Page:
Charity, the focus of the Church's mission in Asia and the world
Jamshedpur (AsiaNews) - The Indian Church must not fear accusations of proselytism, but instead must reinforce its testimony and its efforts on behalf of charity, the source of Christian dynamism. This is affirmed in a reflection sent to AsiaNews by Cardinal Oswald Gracias, archbishop of Mumbai and president of the Indian bishops' conference, which is currently meeting in Jamshedpur.
The meeting, called to discuss the encyclical Deus Caritas Est, was also attended by Cardinal Paul Josef Cordes, president of the pontifical council "Cor Unum", who spoke of the importance of charity and of the message addressed by the pope to the entire world. The following is the text of Cardinal Gracias's reflection.
Cardinal Cordes spoke on the mission of the Church, in the light of the encyclical Deus Caritas Est, with special emphasis on the deepening of the Christian roots of charity. His Eminence did not specifically refer to persecution.
“It is fundamental to understand that charity is the vocation of the Church, and persecution does not in any way dilute the mission of the church . . . this is the calling of Christ, charity is our vocation, and still remains even in times of persecution".
Charity is done selflessly, to enable people primarily live with the dignity for which they were created.
In recent years, charity has often been perceived negatively, this charity and the zeal of the Church to serve the poorest of the poor and the marginalised and those who live on society’s periphery as ‘allurement’ to conversion.
This is rather tragic and sad, because for centuries the Church in India has been serving the poor and marginalised in the remotest parts of the country, through our educational and health care services, irrespective of caste or creed, and today this same ‘caritas' heart of the Church is being misrepresented to represent an ‘allurement’. Even the government has proved that the percentage of Christians have declined, yet these false allegations increase. But the mission of the Church must and will continue through works of charity, in the words of St Paul, “caritas Christi urget nos”.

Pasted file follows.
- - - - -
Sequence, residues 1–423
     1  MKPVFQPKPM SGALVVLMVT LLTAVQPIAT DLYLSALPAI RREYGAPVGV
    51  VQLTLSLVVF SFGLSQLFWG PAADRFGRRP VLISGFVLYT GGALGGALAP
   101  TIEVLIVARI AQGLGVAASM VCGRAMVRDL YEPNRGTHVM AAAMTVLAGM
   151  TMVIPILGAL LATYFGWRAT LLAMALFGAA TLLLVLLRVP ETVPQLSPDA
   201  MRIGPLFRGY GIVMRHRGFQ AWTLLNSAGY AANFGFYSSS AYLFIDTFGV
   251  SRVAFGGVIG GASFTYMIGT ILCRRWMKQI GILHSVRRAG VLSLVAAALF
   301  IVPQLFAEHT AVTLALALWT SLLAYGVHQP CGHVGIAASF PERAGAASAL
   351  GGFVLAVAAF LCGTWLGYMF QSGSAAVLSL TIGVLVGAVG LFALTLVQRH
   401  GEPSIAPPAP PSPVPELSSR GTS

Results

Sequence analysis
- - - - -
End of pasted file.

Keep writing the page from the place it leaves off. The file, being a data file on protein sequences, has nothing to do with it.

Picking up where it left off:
We do not seek anything in return, we only seek to serve the suffering, and the Church in India must not be afraid of being misunderstood or misrepresented. We must carry on wholeheartedly, and explain our zeal and mission clearly without fear.
Our hospitals, orphanages, schools, and social service centres were founded by the Church to enlighten the minds of young people and to lift the burden of suffering from those most in need.
Our mission is very clear: ‘the suffering faces of the poor are the suffering face of Christ'. In the pain of the poor and the dispossessed we see reflected the suffering of our crucified Lord, who reminds us that ultimately we will be judged on the compassion and charity which we show them." For I was hungry," He will tell us, "but you gave Me no food; alone or a stranger or in prison, but you could not be bothered with me".